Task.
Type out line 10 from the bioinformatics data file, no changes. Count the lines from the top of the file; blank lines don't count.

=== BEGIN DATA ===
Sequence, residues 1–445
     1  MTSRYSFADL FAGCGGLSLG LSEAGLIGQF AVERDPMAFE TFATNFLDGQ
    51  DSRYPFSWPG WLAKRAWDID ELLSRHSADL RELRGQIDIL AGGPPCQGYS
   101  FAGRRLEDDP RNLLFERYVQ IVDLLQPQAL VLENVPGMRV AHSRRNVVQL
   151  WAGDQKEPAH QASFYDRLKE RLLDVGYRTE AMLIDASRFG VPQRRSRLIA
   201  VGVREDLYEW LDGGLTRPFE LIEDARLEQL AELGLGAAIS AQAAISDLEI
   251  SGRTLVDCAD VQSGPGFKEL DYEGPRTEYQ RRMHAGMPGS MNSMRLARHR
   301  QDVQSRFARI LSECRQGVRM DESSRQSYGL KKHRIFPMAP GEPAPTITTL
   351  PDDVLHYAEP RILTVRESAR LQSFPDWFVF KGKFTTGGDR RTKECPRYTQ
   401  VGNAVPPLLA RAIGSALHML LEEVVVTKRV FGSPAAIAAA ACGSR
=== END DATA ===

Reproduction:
   401  VGNAVPPLLA RAIGSALHML LEEVVVTKRV FGSPAAIAAA ACGSR